Mayor Tom Bates gave an address Tuesday night on Berkeley’s historical and current role in political activism as part of the Berkeley Forum, a student organization that brings speakers to campus.
Bates spoke about his own experiences and Berkeley’s history before the event opened up for questions from a moderator and the audience. While Bates emphasized past political movements and his time in office, students’ comments focused on current issues in the city.
According to Bates, the city is a center for action because of its highly educated population, and he discussed the power of small groups of people who identified injustices.
“Berkeley has a culture that’s interested in things,” he said at the forum. “We’re interested in local news, national news and international communities.”
As a student at UC Berkeley, Bates played football, joined a fraternity and was part of a conservative group. He joined the army when he graduated and then went into real estate, which was when he switched sides of the political spectrum.
He became a Democrat following the Rumford Act of 1963, which was intended to prevent racial discrimination in housing. He said his colleagues in the real estate field supported a bill to counteract the act, making him feel that he was in the wrong profession.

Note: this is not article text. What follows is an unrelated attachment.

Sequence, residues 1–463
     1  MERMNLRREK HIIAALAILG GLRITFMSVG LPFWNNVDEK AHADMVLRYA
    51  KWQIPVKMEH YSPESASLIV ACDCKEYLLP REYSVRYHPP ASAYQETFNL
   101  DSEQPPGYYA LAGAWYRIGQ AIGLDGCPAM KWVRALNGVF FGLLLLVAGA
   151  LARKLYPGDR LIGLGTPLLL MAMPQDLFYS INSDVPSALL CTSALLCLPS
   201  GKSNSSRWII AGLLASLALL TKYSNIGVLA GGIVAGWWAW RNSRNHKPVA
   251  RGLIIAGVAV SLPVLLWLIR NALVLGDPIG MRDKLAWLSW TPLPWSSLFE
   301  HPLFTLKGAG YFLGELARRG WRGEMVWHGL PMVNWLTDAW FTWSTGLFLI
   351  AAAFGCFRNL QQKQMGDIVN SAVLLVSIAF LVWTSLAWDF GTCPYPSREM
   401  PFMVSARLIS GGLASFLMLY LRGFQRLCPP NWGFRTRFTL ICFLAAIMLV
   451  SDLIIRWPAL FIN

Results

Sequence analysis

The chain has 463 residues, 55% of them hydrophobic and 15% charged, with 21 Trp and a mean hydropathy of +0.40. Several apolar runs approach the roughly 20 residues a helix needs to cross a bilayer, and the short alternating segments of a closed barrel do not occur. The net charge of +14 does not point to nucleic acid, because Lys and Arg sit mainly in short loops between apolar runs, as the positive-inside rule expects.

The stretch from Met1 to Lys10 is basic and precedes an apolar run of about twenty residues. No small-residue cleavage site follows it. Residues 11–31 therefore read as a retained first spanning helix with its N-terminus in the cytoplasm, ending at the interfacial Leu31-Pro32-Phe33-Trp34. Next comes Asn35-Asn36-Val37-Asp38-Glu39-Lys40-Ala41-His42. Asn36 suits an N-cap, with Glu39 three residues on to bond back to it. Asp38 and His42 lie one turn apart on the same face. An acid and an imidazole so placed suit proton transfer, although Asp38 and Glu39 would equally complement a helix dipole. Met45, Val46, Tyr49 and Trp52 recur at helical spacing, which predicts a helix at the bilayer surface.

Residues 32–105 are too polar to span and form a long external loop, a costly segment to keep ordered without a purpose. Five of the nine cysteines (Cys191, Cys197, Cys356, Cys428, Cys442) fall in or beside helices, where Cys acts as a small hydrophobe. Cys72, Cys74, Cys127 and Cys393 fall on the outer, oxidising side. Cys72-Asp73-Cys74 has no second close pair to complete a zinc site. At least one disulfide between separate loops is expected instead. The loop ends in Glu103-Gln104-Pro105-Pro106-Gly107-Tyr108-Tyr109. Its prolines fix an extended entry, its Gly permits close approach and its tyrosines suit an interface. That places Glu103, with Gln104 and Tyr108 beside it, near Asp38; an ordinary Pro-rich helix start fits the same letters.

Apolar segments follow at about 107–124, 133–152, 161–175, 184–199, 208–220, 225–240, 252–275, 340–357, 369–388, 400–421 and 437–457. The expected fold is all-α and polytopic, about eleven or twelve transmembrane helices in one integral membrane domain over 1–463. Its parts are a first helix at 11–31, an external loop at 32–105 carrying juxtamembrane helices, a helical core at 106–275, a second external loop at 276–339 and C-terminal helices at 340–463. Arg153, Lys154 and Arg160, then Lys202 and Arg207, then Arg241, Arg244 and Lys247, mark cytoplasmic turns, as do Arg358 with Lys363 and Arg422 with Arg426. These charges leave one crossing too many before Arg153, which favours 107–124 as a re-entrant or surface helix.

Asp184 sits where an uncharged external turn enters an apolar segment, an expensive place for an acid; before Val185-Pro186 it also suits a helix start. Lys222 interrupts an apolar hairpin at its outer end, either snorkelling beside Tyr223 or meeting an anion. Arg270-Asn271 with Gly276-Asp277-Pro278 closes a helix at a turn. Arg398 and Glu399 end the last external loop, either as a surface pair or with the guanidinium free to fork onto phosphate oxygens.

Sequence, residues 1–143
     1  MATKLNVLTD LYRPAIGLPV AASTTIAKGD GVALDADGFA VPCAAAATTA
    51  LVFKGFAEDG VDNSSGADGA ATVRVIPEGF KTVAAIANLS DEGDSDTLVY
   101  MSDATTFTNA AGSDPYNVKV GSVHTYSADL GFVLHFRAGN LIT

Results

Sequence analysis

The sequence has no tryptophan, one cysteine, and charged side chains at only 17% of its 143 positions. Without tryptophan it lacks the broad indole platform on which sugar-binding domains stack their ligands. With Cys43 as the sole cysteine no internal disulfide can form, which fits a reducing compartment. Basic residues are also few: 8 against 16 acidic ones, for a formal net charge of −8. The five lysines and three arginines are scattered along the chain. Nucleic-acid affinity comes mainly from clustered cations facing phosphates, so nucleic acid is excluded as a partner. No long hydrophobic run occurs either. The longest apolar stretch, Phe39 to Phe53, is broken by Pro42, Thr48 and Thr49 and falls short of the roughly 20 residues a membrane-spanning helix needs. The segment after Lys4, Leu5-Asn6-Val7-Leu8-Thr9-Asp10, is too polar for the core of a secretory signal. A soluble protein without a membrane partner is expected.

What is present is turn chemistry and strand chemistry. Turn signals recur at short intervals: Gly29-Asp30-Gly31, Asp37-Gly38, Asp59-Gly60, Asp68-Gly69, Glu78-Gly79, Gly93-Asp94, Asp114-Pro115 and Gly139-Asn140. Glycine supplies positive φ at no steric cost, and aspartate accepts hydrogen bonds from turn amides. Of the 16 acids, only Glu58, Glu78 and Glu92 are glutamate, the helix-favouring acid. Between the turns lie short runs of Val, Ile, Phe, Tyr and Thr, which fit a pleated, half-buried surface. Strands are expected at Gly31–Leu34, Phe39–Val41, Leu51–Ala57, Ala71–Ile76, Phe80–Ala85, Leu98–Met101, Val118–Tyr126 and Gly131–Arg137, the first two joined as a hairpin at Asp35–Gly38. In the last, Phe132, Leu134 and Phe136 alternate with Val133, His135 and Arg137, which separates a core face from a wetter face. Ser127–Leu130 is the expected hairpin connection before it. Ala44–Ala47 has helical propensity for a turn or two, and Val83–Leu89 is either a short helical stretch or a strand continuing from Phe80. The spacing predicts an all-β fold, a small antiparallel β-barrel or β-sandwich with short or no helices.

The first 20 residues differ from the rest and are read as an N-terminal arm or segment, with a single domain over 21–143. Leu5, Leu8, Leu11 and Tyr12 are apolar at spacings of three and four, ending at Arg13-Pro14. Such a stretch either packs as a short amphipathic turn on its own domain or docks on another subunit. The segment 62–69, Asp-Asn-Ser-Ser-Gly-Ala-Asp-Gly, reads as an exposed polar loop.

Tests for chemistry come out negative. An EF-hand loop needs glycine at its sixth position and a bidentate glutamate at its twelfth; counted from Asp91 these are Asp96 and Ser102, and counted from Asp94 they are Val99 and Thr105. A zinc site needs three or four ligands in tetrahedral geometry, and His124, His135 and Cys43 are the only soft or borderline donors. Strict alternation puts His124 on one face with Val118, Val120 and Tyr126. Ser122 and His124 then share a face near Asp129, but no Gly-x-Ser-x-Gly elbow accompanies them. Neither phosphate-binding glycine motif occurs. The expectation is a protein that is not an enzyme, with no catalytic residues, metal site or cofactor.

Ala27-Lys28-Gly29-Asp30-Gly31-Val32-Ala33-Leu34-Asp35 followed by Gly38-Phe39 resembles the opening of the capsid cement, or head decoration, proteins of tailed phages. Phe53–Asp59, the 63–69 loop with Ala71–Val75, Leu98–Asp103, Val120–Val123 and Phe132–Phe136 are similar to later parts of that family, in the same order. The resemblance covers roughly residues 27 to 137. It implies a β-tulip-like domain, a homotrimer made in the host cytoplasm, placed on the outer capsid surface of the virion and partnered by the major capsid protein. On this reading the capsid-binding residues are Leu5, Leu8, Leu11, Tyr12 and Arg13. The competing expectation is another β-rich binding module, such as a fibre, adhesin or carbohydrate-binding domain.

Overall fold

Bates also talked extensively about Ron Dellums, who served on the Berkeley City Council before being elected to the House of Representatives. Dellums held a strong stance against the war in Vietnam.
“(Berkeley) is the place for change, this is the place for activism, this is the place to examine ideas to try to make them better,” he said at the forum.
The moderator, Carter Keeling, inquired about the extent to which the city has engaged with the Black Lives Matter movement. Bates said the possibly inappropriate use of tear gas at a protest Dec. 6 is currently under investigation. He added that Berkeley’s police are some of the best in the nation.
A member from the audience asked Bates why he left the room during a City Council meeting when community members were airing concerns; Bates said he had no ulterior motive but rather had to use the bathroom.
Bates said he participated in the Berkeley Forum because, as mayor, he feels it is his duty to be accessible to the public. He also expressed his interest in Berkeley’s political activism, although he was not sure that the audience shared his passion for the city’s history.
“(The Berkeley Forum was) founded to serve as a platform for free discussion of high profile speakers,” said Matthew Freeman, Berkeley Forum vice president of programming. He added that the organization focuses on satisfying “general intellectual interest.”